CHARACTERS FROM THE UPPER CLASSDon Giovanni: Simon Keenlyside (baritone)
Donna Anna: Hibla Gerzmava (soprano)
Commendatore, Anna's father: Kwangchul Youn (bass)
Don Ottavio, Anna's fiance: Paul Appleby (tenor)
Donna Elvira: Malin Byström (soprano)
CHARACTERS FROM THE LOWER CLASSLeporello, Giovanni's servant: Adam Plachetka (baritone)
Zerlina: Serena Malfi (soprano)
Masetto, Zerlina's fiance: Matthew Rose (baritone)
Conductor: Fabio Luisi
Production: Michael Grandage
Mozart's Don Giovanni premiered in Prague in 1787 which, I have recently learned, was enjoying a Don Juan vogue at the time.
Nasty is the word of the week, and it seemed suitable for this somewhat raunchy Don Giovanni from the Metropolitan Opera in HD. General reaction: Oh, THAT'S what it's about. Don Giovanni is about sex, a subject we are getting rather a lot of this year. The Don seems not to focus on certain areas for his sex crimes. He covers the gamut of entitled male animal. We have to say that Da Ponte seems to know rather a lot about his subject. He also knew enough to leave the sex scenes ambiguous so we don't quite know what happened. We are thus spared the phony sex scenes that permeate modern opera productions.
I didn't mind the drab production this time because the characters filled it so vividly. The Don begins at the bottom with rape and murder. He enters Donna Anna's bedroom while she is sleeping, and she awakens to fight him off. If we take the libretto at its face, she is successful in fighting him off, unless we assume he raped her while she was asleep. Her father comes in, and Don Giovanni kills him. There is an amazing piece of blocking where the Don leans over the Commendatore and raises his hand in the air to represent the Commendatore's soul flying away at the moment of death. Wow. This is not Don Giovanni as Austin Powers, as I have often imagined, but rather a deeply evil Don. This Don Giovanni will not escape his doom. Don Ottavio vows to avenge the Commendatore.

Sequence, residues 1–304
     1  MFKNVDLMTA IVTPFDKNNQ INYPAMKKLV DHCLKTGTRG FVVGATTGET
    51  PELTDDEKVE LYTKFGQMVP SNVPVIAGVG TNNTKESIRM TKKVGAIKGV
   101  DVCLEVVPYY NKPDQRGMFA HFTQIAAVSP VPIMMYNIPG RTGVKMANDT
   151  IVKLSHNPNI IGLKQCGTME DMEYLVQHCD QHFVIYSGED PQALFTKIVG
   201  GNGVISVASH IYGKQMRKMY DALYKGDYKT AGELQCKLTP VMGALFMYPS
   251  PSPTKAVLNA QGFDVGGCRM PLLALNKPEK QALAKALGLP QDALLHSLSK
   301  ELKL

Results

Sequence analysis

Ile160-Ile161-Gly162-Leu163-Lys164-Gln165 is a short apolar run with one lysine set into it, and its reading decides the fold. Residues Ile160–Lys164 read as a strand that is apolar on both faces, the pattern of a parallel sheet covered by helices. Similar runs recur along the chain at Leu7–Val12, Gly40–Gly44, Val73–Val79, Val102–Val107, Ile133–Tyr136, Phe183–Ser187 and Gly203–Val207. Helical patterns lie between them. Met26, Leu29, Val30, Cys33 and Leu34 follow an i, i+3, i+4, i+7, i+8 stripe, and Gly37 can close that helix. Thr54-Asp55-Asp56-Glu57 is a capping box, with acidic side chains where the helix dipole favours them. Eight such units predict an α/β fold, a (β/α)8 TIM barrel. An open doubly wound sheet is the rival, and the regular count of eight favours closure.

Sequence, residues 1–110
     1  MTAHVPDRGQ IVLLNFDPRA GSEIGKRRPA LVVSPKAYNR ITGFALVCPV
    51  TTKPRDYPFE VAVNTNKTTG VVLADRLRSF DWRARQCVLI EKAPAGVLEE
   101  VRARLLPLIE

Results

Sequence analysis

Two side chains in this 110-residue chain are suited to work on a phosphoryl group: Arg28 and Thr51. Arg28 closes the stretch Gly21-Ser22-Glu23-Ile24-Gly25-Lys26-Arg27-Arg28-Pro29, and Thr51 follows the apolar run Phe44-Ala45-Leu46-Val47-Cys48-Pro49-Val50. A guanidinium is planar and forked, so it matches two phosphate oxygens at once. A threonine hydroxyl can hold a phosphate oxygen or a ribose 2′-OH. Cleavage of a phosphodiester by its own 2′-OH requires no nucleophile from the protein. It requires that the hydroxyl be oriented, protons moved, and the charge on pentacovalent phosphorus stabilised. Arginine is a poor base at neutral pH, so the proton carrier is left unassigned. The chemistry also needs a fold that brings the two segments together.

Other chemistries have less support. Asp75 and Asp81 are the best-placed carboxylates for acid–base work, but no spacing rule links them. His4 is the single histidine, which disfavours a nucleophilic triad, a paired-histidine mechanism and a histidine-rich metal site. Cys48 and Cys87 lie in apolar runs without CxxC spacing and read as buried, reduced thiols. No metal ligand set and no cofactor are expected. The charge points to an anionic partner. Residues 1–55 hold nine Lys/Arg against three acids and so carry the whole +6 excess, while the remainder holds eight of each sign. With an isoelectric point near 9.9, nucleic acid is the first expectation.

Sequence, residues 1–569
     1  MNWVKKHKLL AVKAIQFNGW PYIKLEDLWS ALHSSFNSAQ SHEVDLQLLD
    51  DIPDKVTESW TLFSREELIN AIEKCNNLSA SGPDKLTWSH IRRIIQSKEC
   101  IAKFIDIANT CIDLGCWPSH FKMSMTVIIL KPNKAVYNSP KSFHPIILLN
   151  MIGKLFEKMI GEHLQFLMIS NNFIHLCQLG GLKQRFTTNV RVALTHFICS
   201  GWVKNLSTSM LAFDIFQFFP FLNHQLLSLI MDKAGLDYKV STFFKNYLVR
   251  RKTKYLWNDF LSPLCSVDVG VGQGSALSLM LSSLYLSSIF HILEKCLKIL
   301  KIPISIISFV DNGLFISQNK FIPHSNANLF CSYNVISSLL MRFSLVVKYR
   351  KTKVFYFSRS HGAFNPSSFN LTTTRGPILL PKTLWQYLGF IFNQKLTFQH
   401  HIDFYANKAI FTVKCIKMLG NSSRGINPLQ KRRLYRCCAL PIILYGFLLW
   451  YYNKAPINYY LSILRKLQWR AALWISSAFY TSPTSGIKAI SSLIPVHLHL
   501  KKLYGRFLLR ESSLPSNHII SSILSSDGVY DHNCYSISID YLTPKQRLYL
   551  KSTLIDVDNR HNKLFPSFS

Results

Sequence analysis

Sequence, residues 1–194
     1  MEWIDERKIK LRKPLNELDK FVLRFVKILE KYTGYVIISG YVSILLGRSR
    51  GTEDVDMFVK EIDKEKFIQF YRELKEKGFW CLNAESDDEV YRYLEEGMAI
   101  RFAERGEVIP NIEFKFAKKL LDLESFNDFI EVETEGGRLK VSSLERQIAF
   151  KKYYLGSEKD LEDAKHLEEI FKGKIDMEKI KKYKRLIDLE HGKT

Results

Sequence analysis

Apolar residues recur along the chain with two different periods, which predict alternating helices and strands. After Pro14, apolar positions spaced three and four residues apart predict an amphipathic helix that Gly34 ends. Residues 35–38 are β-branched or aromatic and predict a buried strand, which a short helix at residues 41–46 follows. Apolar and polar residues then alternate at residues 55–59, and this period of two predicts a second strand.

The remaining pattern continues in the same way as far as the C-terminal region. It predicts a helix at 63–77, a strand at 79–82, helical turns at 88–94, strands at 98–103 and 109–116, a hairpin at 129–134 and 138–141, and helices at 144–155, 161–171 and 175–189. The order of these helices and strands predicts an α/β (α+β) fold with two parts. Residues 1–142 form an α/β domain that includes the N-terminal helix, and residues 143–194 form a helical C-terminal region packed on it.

I appreciated Simon's comment that Don Giovanni lies between the American and the French Revolutions. I separated the characters by class because this would have been what mattered most in the era. The entitled upper class who in the American Revolution lived across an ocean were still the target. We sent them back home. The French Revolution solved the problem by cutting off their heads. In the opera God intervenes.
Don Giovanni is never far from a woman. When Donna Elvira appears, Giovanni starts to seduce her until he sees who it is. He comes upon a wedding party, and from all the women present he chooses to pursue the bride. He serenades Donna Elvira's maid, and may actually have been successful here. We don't hear if he was successful.
The first time they go to Don Giovanni's house the singers are actually dancing. Not well, but dancing. The second time we are in the Don's house, his first course at dinner consists of fruit being eaten off of a woman's stomach. In case you had forgotten what the opera was about. After Giovanni descends into hell, Donna Elvira says, "I will go into a nunnery." Zerlina and Masetto say, "And we will go home to dinner." Favorite line. Nothing so trivial as sex will bother us. In the lower classes women are not traded for political advantage.
I want to discuss the performers. Simon Keenlyside was a physical dynamo, though clearly no longer young, his Don Giovanni pursued women with fascinating energy. I enjoyed his performance. Paul Appleby was just the right singer for Ottavio with a beautiful Mozart legato. He is young and will grow into his roles. Hibla Gerzmava has a huge voice that roared over the ensemble. We could hear her in some Verdi. Adam Plachetka's Leporello was very genuine and funny. I liked him, and find that I saw him before in Marriage of Figaro from Salzburg in 2015. Malin Byström was our Jenufa in San Francisco last Spring. I thought she was a strong performer. My only disappointment was the Zerlina of Serena Malfi. I absolutely adored Mojca Erdmann's Zerlina the last time we saw this production. It was my impression that Serena did not want to take her eyes off the conductor. I'm going to be annoying and give advice: sing with the music.
We all enjoyed this and felt we understood Don Giovanni as never before.